Poor dietary practices during pregnancy can result in increased rates of stillbirths, premature birth, low birth weight, maternal and prenatal death. Majority of pregnant women in rural India are deprived of health facilities. Only one-third of pregnant women in rural set-up eat healthy and nutritious food.
A survey–called Jaccha-Baccha (JABS), was conducted where the teams visited the Anganwadis [Rural Child Care Centres] and spoke to the Pregnant and Nursing women, registered at those Anganwadis. According to the survey, only 23% of the nursing women reported that they had been eating more than usual during their pregnancy. The main reason for not eating enough is because many pregnant women feel unwell or have a loss of appetite.
Reasons for ‘The Weigh Down’
*Poor diet—leads to less Weight Gain during pregnancy. Compared with a normal of 13-18 kg for women with low BMI, the average weight gain in women not following a proper diet would barely be 7 kg. Malnourishment continues to hound the poorest despite the many functional schemes at the state and central level. A woman’s diet while pregnant can play an essential role in her reproductive health as well as the health of her unborn child.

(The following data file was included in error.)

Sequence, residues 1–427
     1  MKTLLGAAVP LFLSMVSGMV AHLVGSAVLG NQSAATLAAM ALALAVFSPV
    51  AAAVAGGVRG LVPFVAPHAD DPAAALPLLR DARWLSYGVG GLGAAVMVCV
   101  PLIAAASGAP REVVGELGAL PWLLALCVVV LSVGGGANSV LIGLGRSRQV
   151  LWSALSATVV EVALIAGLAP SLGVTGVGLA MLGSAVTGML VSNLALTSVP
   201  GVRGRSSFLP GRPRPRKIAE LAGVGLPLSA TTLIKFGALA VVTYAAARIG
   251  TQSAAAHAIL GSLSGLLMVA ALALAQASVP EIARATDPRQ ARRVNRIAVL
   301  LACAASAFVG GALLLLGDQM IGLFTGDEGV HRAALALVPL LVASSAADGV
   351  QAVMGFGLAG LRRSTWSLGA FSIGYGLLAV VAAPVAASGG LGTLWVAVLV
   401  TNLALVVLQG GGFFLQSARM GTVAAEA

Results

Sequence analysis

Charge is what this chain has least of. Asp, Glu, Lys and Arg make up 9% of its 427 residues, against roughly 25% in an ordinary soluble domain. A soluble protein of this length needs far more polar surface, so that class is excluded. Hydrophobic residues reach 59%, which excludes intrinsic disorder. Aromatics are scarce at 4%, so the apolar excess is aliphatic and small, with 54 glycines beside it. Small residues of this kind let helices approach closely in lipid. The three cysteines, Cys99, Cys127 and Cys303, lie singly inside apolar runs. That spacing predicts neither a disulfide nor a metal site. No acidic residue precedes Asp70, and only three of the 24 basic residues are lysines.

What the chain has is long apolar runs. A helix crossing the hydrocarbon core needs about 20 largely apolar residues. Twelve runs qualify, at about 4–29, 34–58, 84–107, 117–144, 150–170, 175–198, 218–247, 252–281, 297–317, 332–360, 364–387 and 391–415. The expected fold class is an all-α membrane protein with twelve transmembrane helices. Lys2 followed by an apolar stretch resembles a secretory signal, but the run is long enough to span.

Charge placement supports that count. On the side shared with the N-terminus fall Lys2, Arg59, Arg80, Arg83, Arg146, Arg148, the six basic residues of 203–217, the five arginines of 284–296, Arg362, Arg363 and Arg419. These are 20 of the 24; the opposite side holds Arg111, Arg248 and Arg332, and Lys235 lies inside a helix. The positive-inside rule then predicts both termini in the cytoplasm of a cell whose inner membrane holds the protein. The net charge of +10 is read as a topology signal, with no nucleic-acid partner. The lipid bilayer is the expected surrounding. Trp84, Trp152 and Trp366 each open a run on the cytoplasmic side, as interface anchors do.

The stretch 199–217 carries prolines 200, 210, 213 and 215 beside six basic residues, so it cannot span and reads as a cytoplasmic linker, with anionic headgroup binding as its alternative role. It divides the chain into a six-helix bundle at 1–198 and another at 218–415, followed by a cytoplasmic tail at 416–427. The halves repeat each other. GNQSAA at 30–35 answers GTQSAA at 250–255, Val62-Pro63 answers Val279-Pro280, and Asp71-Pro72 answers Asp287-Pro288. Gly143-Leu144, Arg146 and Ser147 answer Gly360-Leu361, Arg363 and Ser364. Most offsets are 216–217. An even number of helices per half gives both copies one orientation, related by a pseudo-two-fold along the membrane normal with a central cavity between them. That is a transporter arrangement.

*Deprived Healthcare Systems—The Urgent need is to change our rural healthcare system. Pregnant and Nursing Women are severely deprived of quality health care here. Many of them receive some essential services (e.g. tetanus injections and iron tablets) at the local Anganwadi or health centre but get very little beyond the basics. There is an urgent need for a thorough expansion of quality health care, close to homes. Deliveries must be available free of cost to all women in public healthcare centres.
*Economic risks associated with pregnancy and childbirth — add to other arguments for universal maternity entitlements. Denial of Maternity Benefits Under the National Food Security Act 2013 (NFSA), all pregnant women are entitled to maternity benefits unless they already receive benefits as formal-sector employees.
Inference–When women do access care, and the diagnostic facilities are in place, it can still be strenuous to manage complex Health Needs. Evidence‐based procedures and guidelines for the management of women with complications need to be adapted and adopted such that they consider the ‘real-life’ context in which care can be provided.
EKAM Foundation is an organisation that can help the society, [especially the rural set-up], with the healthcare facilities, needed for the underprivileged pregnant mothers and their children. EKAM is fighting against infant and maternal mortality in the rural set up where food intake and access to health infrastructure is not up to the mark.
So, log on to www.ekamoneness.org to learn more about how we can help our society.